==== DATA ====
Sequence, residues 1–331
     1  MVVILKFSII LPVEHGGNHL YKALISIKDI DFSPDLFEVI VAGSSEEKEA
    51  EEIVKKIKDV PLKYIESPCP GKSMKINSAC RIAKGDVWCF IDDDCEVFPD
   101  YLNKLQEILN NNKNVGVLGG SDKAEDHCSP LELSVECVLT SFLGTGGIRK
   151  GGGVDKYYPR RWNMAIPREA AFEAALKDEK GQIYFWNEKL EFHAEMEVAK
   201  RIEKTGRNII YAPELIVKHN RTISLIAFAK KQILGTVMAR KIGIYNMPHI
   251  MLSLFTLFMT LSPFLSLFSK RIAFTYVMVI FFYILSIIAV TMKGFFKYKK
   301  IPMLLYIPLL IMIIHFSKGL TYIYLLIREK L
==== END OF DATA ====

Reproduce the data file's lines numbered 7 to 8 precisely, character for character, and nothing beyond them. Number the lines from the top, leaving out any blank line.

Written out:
   251  MLSLFTLFMT LSPFLSLFSK RIAFTYVMVI FFYILSIIAV TMKGFFKYKK
   301  IPMLLYIPLL IMIIHFSKGL TYIYLLIREK L